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[60]

But they even designed to stain the character of Marcus Cato by that transaction; ignorant of the extent of such a man's wisdom, and integrity, and magnanimity, and virtue; which is tranquil during a terrible tempest, and shines amid the darkness, and, though driven from its proper position,1 still remains, and clings to his country, and shines at all times by its own unassisted light, and is never tarnished by the dirt or disgrace of others. Their object was, not to do honour to Marcus Cato, but to banish him. They did not think that they were entrusting that commission to him, but imposing it on him; and said openly in the assembly, that they had cut Marcus Cato's tongue out, which had always spoken so freely against all extraordinary commissions. They will feel, I trust, in a short time, that that freedom of his still continues; and even if that be possible that it exists in a still greater degree from this circumstance, that Marcus Cato, even when he despaired of being any longer able to do any good by his authority, still with his voice and with every expression of indignation struggled against those consuls and, after my departure, weeping for my misfortune and for that of the republic, attacked Piso in such language, that he made that most abandoned and most shameless man almost repent of his bargain about the province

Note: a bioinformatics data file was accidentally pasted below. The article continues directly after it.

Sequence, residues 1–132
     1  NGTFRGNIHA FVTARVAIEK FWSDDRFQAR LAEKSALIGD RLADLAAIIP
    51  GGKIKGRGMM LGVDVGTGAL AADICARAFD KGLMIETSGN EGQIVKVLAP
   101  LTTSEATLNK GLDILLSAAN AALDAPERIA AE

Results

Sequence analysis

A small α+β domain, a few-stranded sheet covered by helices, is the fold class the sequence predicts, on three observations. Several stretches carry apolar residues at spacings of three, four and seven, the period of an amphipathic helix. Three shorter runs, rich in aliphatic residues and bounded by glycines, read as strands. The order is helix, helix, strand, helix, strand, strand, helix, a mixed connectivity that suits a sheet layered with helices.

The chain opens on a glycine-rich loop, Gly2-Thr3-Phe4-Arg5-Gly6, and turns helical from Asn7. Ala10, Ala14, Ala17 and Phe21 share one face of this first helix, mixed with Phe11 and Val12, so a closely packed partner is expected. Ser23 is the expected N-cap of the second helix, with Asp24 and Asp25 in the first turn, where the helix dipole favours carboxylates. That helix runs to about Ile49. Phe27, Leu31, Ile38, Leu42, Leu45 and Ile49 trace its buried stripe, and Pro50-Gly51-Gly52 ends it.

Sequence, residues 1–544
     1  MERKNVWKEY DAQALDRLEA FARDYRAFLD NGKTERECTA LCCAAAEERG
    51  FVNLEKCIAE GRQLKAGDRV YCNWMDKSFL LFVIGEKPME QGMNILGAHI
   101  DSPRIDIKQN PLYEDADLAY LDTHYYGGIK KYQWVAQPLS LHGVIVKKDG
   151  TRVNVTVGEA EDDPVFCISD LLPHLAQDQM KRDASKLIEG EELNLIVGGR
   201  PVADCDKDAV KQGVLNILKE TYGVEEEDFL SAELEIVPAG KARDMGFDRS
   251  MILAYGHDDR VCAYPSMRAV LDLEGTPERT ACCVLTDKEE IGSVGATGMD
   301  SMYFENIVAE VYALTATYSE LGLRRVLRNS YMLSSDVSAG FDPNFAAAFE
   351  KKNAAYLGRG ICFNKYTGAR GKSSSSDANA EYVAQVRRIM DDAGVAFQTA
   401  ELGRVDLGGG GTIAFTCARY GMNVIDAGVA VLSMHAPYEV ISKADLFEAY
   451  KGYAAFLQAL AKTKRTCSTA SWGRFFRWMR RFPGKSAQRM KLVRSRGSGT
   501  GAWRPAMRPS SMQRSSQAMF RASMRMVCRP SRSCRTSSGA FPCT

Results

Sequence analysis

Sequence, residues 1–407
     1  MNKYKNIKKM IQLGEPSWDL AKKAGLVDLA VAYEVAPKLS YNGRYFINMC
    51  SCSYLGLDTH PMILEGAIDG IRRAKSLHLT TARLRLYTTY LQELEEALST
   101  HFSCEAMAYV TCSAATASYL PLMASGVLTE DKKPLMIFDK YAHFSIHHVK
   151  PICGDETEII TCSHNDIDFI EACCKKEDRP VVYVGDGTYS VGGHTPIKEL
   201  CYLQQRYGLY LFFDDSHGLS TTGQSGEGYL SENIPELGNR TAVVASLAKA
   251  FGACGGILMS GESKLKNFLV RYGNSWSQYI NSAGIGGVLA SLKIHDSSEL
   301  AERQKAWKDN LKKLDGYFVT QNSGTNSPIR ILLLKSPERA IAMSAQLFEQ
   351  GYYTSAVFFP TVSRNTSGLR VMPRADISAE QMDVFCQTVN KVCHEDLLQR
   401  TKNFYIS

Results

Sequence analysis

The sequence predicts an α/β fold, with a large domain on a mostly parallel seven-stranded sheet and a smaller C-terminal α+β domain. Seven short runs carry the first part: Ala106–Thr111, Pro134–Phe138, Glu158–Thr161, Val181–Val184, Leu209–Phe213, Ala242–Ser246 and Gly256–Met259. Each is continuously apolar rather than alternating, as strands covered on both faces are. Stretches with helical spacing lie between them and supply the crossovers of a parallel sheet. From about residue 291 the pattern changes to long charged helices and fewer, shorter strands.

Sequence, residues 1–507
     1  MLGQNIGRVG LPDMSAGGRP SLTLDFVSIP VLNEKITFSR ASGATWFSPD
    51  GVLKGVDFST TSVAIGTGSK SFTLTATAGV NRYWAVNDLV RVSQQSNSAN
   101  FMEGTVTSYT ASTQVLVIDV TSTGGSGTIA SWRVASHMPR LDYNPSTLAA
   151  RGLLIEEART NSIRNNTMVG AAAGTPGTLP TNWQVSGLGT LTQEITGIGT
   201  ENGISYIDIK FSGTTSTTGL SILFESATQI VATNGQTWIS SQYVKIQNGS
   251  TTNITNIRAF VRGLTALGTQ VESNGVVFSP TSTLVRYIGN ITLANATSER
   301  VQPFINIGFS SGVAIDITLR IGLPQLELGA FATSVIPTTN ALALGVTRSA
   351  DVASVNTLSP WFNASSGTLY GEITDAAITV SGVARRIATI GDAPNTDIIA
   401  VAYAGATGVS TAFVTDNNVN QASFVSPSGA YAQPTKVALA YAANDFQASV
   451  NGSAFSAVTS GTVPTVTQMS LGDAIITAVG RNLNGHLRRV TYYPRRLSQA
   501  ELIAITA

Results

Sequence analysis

1 Clodius had an old grudge against Ptolemaeus king of Cyprus for refusing to ransom him once when be was taken prisoner by pirates; and now, having proposed a law to reduce his kingdom to the state of a province, and to confiscate all his property, he got the execution of the decree given to Cato, partly to throw discredit on Cato, and partly to oblige him to acknowledge the validity of his acts by submitting to bear a part in them: and Cato was much pleased at the commission. Ptolemaeus, as soon as he had heard of the law and of Cato's approach, poisoned himself in despair.

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